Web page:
The search took two years, and it was only through months of scouring the ocean floor with submarines and sonar that the black box was finally found.

Let’s hope MH370’s black box can be located sooner and provide some much-needed insight to the flight’s mystery.

Join the conversation

9 Comments sorted by

  1. Zvyozdochka

    logged in via Twitter

    Another problem that I understand is likely, is that these 'black' boxes overwrite or loop only the last 2 hours of data.

    If that's the case, it seems extraordinary in a multi-million dollar aircraft - what cost some extra flash-memory storage?

    1. James O'Neill


      In reply to Zvyozdochka

      There is a systematic campaign in most of the media to spread what at best is misinformation and in most cases disinformation about flight 370. Since 2006 Boeing aircraft have been equipped with an uninterruptible autopilot system that enables any aircraft thus equipped (as was 370) to be remotely controlled. There is another system developed by Raytheon for the FAA called an "Advanced Route Evaluation System" that provides a similar capability. Thirdly, Rolls Royce have the capacity to continually…

      Read more
  2. David Pearn


    Someone needs to invent a 'rattle' driven by currents and not dependent on battery power.
    To commence a search with this particular piece of equipment, without a single confirmed item from the aircraft is simply an exercise in pr unfortunately.

  3. Chris O'Neill

    Retired Way Before 70

    "The problems faced by the search time of the MH370 are very similar to those of the Air France AF447 flight"

    Most likely worse and maybe much worse. AF447 was on course. At best, the course of MH370 is inaccurately known. Taking two years to find it, if it is in the Indian Ocean, might be optimistic.

    1. David Pearn


      In reply to Chris O'Neill

      Exactly, an almost impossible task and the media should start being realistic about a positive search and recovery outcome.
      Searching by side scanning submersibles will, I assume, require a vessel to be on station in the southern ocean for a very long time in heavy seas with no defined track to even start from.
      If the aviation industry finances it, the US navy's submarines might eventually succeed using their detection systems.

  4. Peter Madden


    I feel so sorry for the people directly involved, but like any bad thing, good can be found, and in this case it is the countries that have got together and assist, and I particularly note China and Japan. I think it proves that it you take the politics out of any situation, normal people can work well together.

    1. Raine S Ferdinands

      Education at Education

      In reply to Peter Madden

      Perer, the vast majority of passengers on flight MH370 were Chinese citizens. China responded rather slowly … I would say. Singapore, Vietnam, etc responded immediately (first location proximity). That China was initially cautious about revealing their satalite locations and information pissed me off. If Australians were in large numbers on that flight, I am very certain that Australia would have jumped in immediately and taken a leading role in the search and investigation processes. It took a mini revolt (in Beijing) by the relatives of the lost flight passengers to wake up Chinese officials.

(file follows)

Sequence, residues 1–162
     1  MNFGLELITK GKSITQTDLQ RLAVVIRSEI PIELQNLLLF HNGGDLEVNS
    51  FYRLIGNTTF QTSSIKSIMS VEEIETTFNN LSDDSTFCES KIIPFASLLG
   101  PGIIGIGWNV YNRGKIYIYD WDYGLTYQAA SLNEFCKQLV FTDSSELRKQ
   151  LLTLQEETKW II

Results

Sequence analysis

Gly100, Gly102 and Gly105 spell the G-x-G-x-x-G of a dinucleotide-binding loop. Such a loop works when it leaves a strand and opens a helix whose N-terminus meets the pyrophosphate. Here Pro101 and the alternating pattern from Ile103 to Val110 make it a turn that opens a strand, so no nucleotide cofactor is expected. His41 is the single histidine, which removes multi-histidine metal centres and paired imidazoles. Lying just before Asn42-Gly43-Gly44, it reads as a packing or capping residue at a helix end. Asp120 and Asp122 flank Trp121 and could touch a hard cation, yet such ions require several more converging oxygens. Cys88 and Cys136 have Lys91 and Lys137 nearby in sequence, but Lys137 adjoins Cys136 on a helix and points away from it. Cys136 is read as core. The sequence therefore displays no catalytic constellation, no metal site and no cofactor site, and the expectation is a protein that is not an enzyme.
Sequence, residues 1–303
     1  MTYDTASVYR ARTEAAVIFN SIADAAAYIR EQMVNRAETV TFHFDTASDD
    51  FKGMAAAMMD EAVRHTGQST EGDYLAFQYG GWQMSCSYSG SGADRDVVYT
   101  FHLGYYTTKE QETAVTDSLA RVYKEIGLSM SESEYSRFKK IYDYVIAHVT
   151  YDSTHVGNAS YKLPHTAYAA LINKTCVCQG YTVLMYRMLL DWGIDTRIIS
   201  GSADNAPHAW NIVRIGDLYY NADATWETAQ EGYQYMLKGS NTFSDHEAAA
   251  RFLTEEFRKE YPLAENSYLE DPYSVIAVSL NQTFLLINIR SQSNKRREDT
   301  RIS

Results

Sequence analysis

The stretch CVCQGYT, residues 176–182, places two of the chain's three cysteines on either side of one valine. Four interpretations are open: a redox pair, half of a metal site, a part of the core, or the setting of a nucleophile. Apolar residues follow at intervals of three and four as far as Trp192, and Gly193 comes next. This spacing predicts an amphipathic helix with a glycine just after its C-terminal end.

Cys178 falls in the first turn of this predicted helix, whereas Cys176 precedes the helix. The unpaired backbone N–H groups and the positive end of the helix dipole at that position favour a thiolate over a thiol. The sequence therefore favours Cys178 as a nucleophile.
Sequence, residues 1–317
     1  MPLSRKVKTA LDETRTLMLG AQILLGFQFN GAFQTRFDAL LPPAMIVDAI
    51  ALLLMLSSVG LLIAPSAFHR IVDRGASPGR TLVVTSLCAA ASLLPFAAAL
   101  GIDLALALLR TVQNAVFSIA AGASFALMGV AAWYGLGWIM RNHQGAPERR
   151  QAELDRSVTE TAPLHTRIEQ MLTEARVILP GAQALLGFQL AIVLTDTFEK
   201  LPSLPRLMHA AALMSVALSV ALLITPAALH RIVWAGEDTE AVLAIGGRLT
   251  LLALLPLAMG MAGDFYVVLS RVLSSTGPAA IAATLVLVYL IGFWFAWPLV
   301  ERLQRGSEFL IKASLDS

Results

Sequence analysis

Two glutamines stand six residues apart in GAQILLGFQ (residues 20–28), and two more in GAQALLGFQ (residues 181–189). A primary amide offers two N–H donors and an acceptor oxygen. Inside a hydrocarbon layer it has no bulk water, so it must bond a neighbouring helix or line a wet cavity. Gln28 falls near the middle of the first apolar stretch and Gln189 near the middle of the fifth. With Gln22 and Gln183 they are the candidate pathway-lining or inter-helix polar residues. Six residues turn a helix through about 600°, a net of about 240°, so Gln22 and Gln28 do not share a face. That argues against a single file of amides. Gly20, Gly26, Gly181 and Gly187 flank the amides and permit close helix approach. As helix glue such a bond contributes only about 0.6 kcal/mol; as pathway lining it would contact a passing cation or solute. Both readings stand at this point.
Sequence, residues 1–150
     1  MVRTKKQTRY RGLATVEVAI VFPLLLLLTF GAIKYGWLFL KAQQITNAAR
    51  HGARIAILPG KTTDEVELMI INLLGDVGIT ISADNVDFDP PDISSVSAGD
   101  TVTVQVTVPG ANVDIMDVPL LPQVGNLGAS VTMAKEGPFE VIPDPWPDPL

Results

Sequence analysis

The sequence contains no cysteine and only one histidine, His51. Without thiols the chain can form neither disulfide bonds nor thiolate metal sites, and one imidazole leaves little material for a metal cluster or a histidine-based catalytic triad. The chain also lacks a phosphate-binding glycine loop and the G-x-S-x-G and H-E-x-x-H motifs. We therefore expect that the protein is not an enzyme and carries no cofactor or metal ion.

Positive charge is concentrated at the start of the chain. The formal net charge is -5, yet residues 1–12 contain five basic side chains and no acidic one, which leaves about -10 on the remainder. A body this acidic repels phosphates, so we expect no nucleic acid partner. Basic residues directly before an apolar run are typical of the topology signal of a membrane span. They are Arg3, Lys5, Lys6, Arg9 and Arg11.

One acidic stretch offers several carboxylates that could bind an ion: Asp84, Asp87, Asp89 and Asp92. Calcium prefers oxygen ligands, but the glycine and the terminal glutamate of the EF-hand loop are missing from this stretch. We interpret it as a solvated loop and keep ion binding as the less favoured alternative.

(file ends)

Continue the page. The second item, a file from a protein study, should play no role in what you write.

Agree, however, that "if you take the politics out of any situation, normal people can work well together".
      My heart goes out to all relatives and loved ones of the passengers on board that flight.

  5. Matt Bennett

    logged in via email

    Get REAL! Nothing like AF447' we knew where that baby was.

    The flight recorder is likely to be slightly cactus when it's stumbled upon by an android family out for a Sunday drive on the Indian ocean floor in, say .......2837!

    For God's sake, it's not uncommon for land-based wrecks to go missing for decades!

    Common sense would suggest to me it's likely to be centuries, if not aeons, before any trace is found.

  6. Andrew Beavis

    Mac Guru

    You know, when I worked in marine science 30 years ago I put down a camera fitted with a pinger in the Tasman in about 1km of water and I remember there were many echoes off intervening layers in the sea water caused by temperature and perhaps salinity. What if the pings are causing multiple signals that are carried through a conduit of layers for 100km ? Then as conditions change the ultimate range would alter and the signal would drift over time , depending of the depth of the detector array. The Ocean Shield might not, at the moment be particularly close to the source. If the area can be narrowed down then a towed video can be manually scanned for a debris trail, but at the moment it would be a very remote chance if i am right ..., and I am not sure if a sidescan sonar would work on airplane wreckage or not. My bet would be on visual, but only if the location can be narrowed down.